Saul, also known as Paul, was the great apostle to the Gentiles. Three elements of the world's life of that day, Greek culture, Roman citizenship, and Hebrew religion met in the apostle to the Gentiles. Saul was born of purest Jewish blood (Phil. 3:5). Saul was never ashamed to acknowledge himself as a Jew (Acts 21:39). Saul was the son of a Pharisee (Acts 23:6) and he was brought up in orthodox Judaism. At the proper age Saul was sent to Jerusalem and completed his studies under the famous Gamaliel (Acts 22:3; 26:4-5). Having been educated among the strictest of the Pharisees, we easily can see a reason for the persecutions he heaped upon Jesus' followers.
God had a use for this persecutor. He was chosen vessel of His ministrations to the Gentiles, and He converted him in a special and distinct way. We read about Saul bearing record of his calling in Acts. And when we were all fallen to the earth, I heard a voice speaking unto me, and saying in the Hebrew tongue, Saul, Saul, why persecutest thou me? it is hard for thee to kick against the pricks. And I said, Who art thou Lord? And he said, I am Jesus whom thou persecutest. But rise, and stand upon thy feet: for I have appeared unto thee for this purpose, to make thee a minister and a witness both of these things which thou hast seen, and of those things in the which I will appear unto thee; Delivering thee from the people, and from the Gentiles, unto whom now I send thee, To open their eyes, and to turn them from darkness to light, and from the power of Satan unto God, that they may receive forgiveness of sins, and inheritance among them which are sanctified by faith that is in me (Acts 26:14-18KJV).
The new convert proclaimed the Messiahship of Jesus in the Jewish synagogues in Damascus, truths that had seized his soul (Acts 9:20-22). Saul left from Damascus and went to Jerusalem where he met Barnabas (Acts 9:26-27). Together, Paul and Barnabas spread the ministry of Jesus Christ to the Gentiles. After fulfilling their ministry there Saul and Barnabas returned from Jerusalem. They went to Antioch and went into the synagogue on the sabbath day and sat down (Acts 13:14). After the reading of the law and prophets the rulers of the synagogue sent unto them, saying, Ye men and brethren, if ye have any word of exhortation for the people, say on (Acts 13:15). Paul stood up and preached beginning with 'the God of this people of Israel chose our fathers' and ending with 'Be it known unto you therefore, men and brethren, that through this man is preached unto you the forgiveness of sins: And by him all that believe are justified through the law of Moses' (Acts 13:38-39). Saul boldly preached Christ everywhere that he went.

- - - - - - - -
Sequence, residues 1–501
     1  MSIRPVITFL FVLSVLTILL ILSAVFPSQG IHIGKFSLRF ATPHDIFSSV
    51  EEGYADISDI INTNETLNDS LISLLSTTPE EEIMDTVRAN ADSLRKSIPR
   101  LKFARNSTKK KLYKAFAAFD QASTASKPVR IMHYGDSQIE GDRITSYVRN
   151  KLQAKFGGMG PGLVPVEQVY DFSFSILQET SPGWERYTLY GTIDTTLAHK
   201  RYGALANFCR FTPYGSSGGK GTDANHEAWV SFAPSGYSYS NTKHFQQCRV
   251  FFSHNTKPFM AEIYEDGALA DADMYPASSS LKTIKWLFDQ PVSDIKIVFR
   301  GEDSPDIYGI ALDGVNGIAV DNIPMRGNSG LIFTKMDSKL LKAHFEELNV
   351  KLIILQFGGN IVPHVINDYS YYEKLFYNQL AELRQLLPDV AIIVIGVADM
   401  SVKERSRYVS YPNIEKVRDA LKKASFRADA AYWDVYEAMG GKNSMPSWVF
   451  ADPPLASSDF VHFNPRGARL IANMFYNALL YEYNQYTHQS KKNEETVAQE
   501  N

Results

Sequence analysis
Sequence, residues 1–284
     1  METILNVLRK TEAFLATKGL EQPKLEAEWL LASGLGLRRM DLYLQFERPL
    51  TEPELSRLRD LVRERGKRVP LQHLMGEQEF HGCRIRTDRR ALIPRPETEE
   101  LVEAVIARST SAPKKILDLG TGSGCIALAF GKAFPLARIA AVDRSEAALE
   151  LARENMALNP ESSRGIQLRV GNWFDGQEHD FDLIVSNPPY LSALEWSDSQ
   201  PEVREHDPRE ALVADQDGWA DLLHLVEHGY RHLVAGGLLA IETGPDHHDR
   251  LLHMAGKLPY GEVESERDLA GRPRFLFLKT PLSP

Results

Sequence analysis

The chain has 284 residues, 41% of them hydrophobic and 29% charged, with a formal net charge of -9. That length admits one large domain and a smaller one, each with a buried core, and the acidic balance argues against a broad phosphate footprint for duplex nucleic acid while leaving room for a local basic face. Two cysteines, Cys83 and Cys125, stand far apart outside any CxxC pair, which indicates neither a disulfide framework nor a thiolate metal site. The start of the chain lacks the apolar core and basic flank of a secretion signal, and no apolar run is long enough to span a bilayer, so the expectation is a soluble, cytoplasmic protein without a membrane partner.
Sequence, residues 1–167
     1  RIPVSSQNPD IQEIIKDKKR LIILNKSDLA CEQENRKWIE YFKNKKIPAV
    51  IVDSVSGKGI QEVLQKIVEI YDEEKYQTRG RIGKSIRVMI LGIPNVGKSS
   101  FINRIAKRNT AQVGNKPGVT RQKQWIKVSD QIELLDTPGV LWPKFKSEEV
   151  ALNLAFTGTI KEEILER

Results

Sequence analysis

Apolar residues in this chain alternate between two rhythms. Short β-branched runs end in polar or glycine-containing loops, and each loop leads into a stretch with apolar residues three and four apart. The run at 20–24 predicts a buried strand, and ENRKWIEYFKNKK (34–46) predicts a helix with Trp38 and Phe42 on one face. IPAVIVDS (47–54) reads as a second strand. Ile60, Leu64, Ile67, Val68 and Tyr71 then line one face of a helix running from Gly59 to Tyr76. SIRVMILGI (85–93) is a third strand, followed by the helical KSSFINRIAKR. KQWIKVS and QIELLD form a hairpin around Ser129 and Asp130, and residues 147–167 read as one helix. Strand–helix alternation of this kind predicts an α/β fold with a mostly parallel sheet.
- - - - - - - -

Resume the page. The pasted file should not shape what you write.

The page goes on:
Saul's first missionary journey took him to Asia Minor, where he first used the name of Paul. On the second missionary journey the faith was taken across the continental boundary into Europe. After the third missionary journey the Jews, who still hated him with consuming force, succeeded in getting him thrown in jail. His enemies almost killed him, but he was rescued by Roman soldiers, and for a time kept in chains.
Paul fearlessly spread the ministry of Jesus Christ to the Gentiles. For further reading on the life and missionary work of Paul, the main biblical source is found in The Acts Of The Apostles. Paul was also a writer and wrote several books of the bible. He wrote Romans and Galatians: doctrines of sin and grace; 1 and 2 Corinthians: moral and practical questions; Colossians and Philippians: person of Christ; Ephesians: the church of Christ; 1 and 2 Timothy and Titus: church government and pastoral care; Philemon: slavery; and, Hebrews: the eternal priesthood and sacrifice of Christ.
Written By: Lisa Collier Clewis
Written By: Lisa Collier Clewis